An ideal semipermeable membrane is permeable to water only, but impermeable to all solutes. Most real semipermeable membranes are permeable to water and to low molecular substances (crystalloids), but not to macromolecular substances (colloids such as proteins).

An ideal ion-selective membrane is permeable to anions only or to cations only (Na+, Ca2+, or to Cl- and NO3-). Ion-selective membranes are used in ion-selective electrodes to measure the activity of selective ions in plasma water (Box 1-1).

Box 1-1: Ion-selective membranes
Selectivity: Either anions or cations
Specificity: Cation membranes distinguish between Na+, Ca2+, and K+.
Anion membranes distinguish between Cl- and NO3-.

The relation between the potential difference measured with an ion-selective electrode and the activity (ionised or fully dissociated form) for a certain ion (eg, K+) is given by the Nernst equation (Eq. 1-5).

1b. Osmosis and osmotic pressure

Osmosis is transport of solvent molecules (mainly water) through a semipermeable membrane. The water flows from a compartment of high water concentration (or low solute concentration) to one of low water concentration (or high solute concentration). The greater difference between the solute concentration of the two compartments, the more is water unevenly distributed between the two compartments. Water diffuses down its chemical potential gradient into the compartment with higher solute concentration, causing the chemical potential gradient to be reduced until solute equilibrium is reached.

Osmotic pressure is the hydrostatic pressure, that must be applied to the side of an ideal semipermeable membrane with higher solute concentration in order to stop the water flux, so that the net water flux is zero.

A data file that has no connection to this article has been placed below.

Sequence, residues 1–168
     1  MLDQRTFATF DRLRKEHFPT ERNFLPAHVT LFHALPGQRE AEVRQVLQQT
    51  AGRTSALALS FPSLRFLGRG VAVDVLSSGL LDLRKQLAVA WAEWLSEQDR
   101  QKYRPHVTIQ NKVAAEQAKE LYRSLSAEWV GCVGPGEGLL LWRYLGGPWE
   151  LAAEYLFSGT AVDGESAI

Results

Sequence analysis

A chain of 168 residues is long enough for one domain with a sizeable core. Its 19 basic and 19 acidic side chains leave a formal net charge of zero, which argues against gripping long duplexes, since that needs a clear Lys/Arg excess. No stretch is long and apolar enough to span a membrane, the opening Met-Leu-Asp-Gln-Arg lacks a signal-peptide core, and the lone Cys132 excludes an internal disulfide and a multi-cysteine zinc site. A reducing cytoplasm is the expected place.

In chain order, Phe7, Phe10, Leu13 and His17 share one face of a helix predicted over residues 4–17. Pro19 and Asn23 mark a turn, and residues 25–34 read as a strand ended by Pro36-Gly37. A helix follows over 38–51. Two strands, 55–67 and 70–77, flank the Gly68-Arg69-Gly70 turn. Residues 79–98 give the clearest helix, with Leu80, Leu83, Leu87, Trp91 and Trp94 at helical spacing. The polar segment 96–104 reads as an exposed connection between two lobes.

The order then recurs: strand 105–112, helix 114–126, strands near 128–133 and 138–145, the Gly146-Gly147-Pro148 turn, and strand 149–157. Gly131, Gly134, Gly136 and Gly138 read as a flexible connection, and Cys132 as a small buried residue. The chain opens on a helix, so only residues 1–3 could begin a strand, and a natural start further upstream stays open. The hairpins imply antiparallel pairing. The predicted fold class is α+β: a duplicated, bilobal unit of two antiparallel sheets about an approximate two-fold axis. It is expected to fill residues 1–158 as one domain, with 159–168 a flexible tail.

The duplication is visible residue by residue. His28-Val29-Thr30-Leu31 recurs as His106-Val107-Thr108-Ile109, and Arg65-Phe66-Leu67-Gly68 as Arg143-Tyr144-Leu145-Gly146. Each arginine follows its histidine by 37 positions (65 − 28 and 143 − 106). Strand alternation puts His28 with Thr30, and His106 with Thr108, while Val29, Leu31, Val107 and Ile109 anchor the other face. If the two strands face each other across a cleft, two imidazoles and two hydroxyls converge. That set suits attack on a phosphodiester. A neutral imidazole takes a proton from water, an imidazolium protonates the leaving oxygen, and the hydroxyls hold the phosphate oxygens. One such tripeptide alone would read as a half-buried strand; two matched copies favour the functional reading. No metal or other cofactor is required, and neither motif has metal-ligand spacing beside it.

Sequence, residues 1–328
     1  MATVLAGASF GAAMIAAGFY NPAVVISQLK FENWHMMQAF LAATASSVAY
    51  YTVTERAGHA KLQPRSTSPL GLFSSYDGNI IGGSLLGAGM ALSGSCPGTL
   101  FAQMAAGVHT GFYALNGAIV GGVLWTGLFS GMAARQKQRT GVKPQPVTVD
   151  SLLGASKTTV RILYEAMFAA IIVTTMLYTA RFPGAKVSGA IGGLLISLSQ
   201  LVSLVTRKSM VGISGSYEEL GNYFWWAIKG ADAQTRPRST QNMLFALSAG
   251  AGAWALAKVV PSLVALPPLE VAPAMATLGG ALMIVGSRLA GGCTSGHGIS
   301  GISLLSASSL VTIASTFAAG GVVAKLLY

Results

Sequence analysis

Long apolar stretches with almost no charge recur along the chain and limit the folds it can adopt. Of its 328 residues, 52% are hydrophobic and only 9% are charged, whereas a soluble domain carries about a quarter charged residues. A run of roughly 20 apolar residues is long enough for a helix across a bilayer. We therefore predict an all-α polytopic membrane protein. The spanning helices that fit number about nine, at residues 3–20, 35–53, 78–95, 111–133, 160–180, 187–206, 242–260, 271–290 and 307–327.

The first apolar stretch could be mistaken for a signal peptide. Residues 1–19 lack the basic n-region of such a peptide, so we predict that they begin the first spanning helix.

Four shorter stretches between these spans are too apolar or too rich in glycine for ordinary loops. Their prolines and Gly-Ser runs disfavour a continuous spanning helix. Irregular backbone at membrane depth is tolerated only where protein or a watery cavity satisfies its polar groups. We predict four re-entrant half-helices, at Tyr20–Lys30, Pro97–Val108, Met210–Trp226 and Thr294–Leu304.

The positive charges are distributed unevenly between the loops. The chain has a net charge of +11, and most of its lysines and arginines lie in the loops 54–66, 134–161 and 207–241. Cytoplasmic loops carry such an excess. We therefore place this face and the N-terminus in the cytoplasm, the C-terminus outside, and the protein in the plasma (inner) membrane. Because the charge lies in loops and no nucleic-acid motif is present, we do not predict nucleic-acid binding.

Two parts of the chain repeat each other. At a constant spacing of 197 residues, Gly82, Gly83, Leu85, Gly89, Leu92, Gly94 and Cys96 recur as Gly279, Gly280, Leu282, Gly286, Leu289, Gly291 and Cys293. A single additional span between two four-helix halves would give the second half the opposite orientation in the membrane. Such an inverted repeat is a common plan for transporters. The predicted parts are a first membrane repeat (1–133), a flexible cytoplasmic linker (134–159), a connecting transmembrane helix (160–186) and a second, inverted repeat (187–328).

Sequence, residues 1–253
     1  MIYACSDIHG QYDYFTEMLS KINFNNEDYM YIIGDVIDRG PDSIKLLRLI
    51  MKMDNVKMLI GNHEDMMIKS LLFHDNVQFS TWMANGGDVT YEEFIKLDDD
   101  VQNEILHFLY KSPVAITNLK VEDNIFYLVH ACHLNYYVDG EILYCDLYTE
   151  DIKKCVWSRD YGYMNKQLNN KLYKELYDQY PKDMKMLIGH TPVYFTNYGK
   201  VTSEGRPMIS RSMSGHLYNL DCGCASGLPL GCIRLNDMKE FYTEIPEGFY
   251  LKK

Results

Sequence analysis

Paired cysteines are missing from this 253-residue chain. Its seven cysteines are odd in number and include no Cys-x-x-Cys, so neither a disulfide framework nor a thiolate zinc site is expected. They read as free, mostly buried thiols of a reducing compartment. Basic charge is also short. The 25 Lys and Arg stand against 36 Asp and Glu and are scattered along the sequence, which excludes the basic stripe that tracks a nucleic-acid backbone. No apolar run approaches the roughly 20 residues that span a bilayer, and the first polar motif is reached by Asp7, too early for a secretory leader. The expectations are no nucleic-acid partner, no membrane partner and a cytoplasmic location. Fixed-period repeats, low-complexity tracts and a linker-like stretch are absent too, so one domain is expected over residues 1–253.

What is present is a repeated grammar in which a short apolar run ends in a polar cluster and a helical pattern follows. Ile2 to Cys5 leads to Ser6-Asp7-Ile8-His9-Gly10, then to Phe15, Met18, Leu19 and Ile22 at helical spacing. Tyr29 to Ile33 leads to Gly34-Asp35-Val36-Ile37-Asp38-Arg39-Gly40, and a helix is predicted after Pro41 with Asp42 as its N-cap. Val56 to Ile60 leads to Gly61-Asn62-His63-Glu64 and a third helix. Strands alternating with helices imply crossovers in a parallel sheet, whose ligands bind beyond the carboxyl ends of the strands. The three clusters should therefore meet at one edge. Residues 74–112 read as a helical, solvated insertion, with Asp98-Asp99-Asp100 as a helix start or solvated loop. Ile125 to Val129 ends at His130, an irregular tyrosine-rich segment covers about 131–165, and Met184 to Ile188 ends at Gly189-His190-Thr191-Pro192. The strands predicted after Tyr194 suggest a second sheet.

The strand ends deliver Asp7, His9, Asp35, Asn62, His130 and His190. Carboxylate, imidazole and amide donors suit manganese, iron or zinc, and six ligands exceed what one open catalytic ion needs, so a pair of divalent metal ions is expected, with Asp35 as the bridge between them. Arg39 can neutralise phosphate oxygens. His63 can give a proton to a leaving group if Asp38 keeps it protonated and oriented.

The colligative properties of water are strictly related to the solvent or water concentration alone. Water molecules are bound together by hydrogen bonds in clusters of several hundred molecules, forming a structure looking almost like crystals. Sites between the clusters, where the distance between water molecules are larger than elsewhere are called bubble nuclei because these sites seem to initiate formation of gas bubbles in decompression sickness. These sites are also likely locations for substances dissolved in water. With decreasing water concentration, the water vapour tension, and the freezing point is reduced, whereas the boiling point, and the osmotic pressure of the solution is increased as compared with pure water. The size of the osmotic pressure of a solution depends of the number of dissolved particles per volume unit.

The osmotic pressure (p) depends on the absolute temperature (T Kelvin or K) and on the number of dissolved particles per volume unit (N/V equal to the molar fraction).

This relationship was first recognized by van't Hoff and applies to ideal solutions only. Real physiological solutions, such as the cytosolic phase and extracellular fluid, differ from the ideal solutions, which are very dilute.

A correction factor called the osmotic coefficient (f) corrects for these differences in osmolality. For physiologic electrolytes it is 0.92 - 0.96, and for carbohydrates it is 1.01.

A solution has the ideal osmolarity one, when it contains (6.022* 1023) osmotically active particles per l. Diluted solutions have an osmolar concentration or osmolarity (Osmol per l) numerically equal to the sum total molarity of all dissolved particles (mol per l). In biological solutions the molarity is different from osmolar concentration. The number of Osmol per l is: (f N/V). - The corrected van't Hoff law is developed in Eq. 1-4.

Osmolality is simply the number of mol per kg of water in the fluid frequently given as mOsmol kg-1. Fully dissociated molecules have twice the osmolality of undissociated molecules. Plasma- osmolality can be approximated by the calculation expressed in Eq. 1-7. Plasma-osmolality is measured by freeze point depression or by boiling point increase. The osmolality of the ICV is approximately 290 mOsmol kg-1, which is simplified to 300 mOsmol kg-1 in Fig. 1-4. The osmolality of the extracellular fluid must be the same, since cell membranes are not rigid, so they cannot carry any essential pressure gradient. The total number of mOsmol in the ICV and ECV of a standard person is thus 8400 and 4200, respectively (Fig. 1-4).